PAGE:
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Numsa throws a strike threat for SA’s broken economy 

Thousands of members of the National Union of Metalworkers of South Africa (Numsa), the country's largest union, take part in a strike action in Johannesburg, South Africa, 01 July 2014. (PHOTO: EPA/IHSAAN HAFFEJEE)
By Ray Mahlaka
05 Aug 2021 10

A dispute over salary increases for workers in SA’s engineering and steel industry has been declared by the National Union of Metalworkers of SA. The union is now threatening strike action in the industry, which could be disastrous for an economy that took a R50-billion hit due to the recent social unrest. 

A general strike in the public sector, which could have shut down state hospitals, schools, and police stations, has been averted but possible industrial action might be in the offing in SA’s engineering and steel industry. 

 A strike in the engineering and steel industry, which contributes about 10% to SA’s overall economic activity, could further harm an economy that is still reeling from Covid-19 related lockdowns and the recent week of anarchy. 

 In the public sector, salary negotiations were concluded in July after a majority of trade unions that represent 1.3 million public servants accepted the government’s offer of a 1.5% salary increase for 2021. 

 The National Union of Metalworkers of SA (Numsa), which claims to have more than 339,000 members, has trashed the government’s offer for public servants, calling it an “insult” because public sector unions were pushing for an increase of at least 8%. 

 Numsa is also seeing red in the engineering and steel industry as the union has threatened to go on a “mother of all strikes” for higher pay. Numsa has demanded a salary increase of 8% for workers in the engineering and steel industry for one year (2021), then an adjustment of consumer inflation plus 2% for the following two years. This works out to salary increases of just over 6% because the SA Reserve Bank expects inflation to average 4.2% and 4.5% in 2022 and 2023 respectively.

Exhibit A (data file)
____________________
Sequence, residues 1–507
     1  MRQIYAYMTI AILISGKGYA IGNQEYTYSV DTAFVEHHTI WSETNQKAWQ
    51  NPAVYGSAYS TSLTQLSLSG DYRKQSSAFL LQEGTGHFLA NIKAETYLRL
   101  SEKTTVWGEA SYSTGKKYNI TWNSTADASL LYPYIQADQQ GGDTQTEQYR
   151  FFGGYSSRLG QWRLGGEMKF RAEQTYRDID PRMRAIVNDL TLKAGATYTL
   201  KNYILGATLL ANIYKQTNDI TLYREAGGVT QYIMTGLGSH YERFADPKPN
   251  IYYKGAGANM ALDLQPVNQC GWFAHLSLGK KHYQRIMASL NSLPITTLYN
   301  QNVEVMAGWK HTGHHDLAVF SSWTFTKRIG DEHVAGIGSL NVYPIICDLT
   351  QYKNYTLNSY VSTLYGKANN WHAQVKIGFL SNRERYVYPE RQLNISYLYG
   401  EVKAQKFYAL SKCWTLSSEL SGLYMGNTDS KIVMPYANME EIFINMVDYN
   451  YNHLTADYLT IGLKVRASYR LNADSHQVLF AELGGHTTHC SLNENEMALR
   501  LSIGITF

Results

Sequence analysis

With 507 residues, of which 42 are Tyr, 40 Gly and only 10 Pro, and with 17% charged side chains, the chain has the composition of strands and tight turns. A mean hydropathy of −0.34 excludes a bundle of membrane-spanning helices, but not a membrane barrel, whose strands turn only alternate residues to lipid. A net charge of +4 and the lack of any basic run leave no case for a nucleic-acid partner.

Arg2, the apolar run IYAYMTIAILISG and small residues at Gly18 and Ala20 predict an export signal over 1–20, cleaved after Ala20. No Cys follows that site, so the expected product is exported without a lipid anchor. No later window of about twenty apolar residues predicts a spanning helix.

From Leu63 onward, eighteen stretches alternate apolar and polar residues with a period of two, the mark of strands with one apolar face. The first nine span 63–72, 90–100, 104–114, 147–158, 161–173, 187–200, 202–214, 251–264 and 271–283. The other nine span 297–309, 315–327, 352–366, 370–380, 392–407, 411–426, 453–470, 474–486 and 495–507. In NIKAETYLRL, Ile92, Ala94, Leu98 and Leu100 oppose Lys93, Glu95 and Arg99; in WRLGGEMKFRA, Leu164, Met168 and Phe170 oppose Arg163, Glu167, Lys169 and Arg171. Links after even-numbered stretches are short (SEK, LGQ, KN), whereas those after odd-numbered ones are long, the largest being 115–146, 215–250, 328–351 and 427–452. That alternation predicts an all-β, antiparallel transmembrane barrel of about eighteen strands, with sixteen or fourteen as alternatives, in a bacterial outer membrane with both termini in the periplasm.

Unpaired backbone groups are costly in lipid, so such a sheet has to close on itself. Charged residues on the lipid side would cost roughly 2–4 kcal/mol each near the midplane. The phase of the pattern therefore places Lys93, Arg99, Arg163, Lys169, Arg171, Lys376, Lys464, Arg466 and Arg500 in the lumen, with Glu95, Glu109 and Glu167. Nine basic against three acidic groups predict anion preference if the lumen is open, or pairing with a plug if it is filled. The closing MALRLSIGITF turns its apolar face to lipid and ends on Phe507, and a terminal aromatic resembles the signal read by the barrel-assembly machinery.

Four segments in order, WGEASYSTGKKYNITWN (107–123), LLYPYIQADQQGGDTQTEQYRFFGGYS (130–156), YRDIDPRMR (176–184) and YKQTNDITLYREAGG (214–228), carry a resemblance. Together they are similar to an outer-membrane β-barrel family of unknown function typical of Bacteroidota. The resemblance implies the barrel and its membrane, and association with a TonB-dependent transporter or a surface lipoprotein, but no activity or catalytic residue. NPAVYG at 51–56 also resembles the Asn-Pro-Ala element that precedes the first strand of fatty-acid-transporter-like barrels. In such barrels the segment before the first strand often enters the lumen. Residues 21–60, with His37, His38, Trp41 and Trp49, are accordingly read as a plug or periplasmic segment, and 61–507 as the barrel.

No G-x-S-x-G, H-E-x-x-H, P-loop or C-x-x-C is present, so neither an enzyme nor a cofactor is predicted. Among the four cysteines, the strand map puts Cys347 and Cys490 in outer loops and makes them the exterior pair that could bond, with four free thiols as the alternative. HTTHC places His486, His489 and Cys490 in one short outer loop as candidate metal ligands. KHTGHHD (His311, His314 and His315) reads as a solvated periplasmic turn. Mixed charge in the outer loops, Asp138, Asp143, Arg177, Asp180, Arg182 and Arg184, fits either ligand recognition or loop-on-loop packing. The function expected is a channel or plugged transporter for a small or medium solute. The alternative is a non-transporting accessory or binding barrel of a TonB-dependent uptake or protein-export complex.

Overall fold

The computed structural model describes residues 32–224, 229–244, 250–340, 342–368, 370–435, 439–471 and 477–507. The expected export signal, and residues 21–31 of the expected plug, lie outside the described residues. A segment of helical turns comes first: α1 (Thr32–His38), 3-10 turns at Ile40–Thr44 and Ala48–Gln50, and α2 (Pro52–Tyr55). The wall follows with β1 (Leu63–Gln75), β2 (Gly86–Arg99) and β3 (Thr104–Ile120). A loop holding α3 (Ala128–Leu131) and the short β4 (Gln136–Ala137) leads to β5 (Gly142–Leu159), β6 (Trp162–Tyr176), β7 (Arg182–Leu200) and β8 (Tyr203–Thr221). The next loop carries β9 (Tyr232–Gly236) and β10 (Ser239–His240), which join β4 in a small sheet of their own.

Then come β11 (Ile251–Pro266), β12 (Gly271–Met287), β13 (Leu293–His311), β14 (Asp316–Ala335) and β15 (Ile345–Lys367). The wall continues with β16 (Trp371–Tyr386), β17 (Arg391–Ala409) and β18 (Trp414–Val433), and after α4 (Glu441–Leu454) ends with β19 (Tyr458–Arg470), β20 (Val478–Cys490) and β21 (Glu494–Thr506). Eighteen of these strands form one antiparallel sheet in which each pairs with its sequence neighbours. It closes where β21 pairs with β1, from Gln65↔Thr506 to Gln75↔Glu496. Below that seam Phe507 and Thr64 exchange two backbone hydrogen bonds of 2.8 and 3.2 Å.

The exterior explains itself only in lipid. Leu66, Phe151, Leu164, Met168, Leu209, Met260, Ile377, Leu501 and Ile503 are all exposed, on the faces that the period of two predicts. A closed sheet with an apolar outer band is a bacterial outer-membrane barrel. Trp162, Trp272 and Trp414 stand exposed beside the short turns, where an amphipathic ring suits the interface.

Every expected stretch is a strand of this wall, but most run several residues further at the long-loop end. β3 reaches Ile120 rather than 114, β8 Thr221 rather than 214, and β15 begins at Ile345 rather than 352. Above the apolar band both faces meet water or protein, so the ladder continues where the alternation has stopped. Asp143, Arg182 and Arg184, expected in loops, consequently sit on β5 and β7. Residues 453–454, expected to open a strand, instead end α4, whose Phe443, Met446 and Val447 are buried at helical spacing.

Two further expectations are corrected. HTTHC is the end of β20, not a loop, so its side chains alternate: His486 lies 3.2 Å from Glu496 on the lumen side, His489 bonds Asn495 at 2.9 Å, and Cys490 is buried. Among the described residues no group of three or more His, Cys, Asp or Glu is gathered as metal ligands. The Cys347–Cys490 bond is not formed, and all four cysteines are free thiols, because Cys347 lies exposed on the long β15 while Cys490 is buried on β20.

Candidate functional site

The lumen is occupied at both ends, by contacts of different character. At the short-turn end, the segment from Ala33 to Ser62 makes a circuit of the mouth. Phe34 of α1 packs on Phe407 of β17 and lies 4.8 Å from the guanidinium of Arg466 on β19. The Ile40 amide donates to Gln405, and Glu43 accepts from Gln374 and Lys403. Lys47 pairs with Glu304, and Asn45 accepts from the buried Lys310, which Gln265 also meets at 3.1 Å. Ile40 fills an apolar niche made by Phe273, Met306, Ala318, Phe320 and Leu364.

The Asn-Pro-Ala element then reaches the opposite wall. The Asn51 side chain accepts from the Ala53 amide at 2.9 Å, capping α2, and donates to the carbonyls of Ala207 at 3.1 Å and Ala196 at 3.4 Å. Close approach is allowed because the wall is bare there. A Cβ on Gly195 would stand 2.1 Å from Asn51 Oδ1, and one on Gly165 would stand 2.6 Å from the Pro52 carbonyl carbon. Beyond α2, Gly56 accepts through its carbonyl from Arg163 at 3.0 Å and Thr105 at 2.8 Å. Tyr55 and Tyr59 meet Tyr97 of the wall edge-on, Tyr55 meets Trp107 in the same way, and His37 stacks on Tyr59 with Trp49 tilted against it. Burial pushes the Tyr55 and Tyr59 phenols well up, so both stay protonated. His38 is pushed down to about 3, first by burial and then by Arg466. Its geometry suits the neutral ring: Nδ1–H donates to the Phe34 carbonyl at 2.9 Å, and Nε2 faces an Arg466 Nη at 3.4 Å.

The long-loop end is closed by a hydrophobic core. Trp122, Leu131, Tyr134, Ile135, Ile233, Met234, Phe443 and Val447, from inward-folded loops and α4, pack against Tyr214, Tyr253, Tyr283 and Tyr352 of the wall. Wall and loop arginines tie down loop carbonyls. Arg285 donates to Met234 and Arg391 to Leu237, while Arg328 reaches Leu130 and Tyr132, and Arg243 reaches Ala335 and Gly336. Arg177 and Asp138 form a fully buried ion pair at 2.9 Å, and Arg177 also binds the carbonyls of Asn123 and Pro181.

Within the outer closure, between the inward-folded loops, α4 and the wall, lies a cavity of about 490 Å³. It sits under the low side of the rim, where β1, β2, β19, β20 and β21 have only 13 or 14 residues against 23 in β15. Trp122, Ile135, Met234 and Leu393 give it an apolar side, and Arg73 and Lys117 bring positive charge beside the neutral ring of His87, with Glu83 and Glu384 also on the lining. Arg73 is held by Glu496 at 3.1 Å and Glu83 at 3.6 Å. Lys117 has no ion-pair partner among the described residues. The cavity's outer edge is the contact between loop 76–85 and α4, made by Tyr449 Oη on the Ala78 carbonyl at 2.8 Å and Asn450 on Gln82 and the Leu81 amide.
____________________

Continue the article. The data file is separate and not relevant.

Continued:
In a media statement, Irvin Jim, the Numsa general secretary, said workers were willing to not accept salary increases in 2020 when Covid-19 burrowed its way into SA, forcing the economy to shut down and the profitability of engineering and steel companies to be impacted.

 “We allowed employers, at the back of the sweat and toil of our members, not to give increases, and to strengthen their balance sheets and recover what was lost in a year both in our country and the world…Many businesses have [now] broken even and some have made profits. We made such compromises being very clear that such preservation of companies should translate to job security,” said Jim. 

 But employers in the engineering and steel industry are not entertaining Numsa’s salary adjustment demands as they have tabled a 4.4% increase for 2021, an inflation plus 0.5% increase in 2022, and inflation plus 1% increase in 2023. Using the Reserve Bank’s inflation forecast, the offer of employers works out to salary increases of about  4.7% in 2022 and 5.5% in 2023.

 The employers are represented by industry bodies including the Steel and Engineering Industries Federation of SA (Seifsa), the South African Engineers’ and Founders’ Association, and others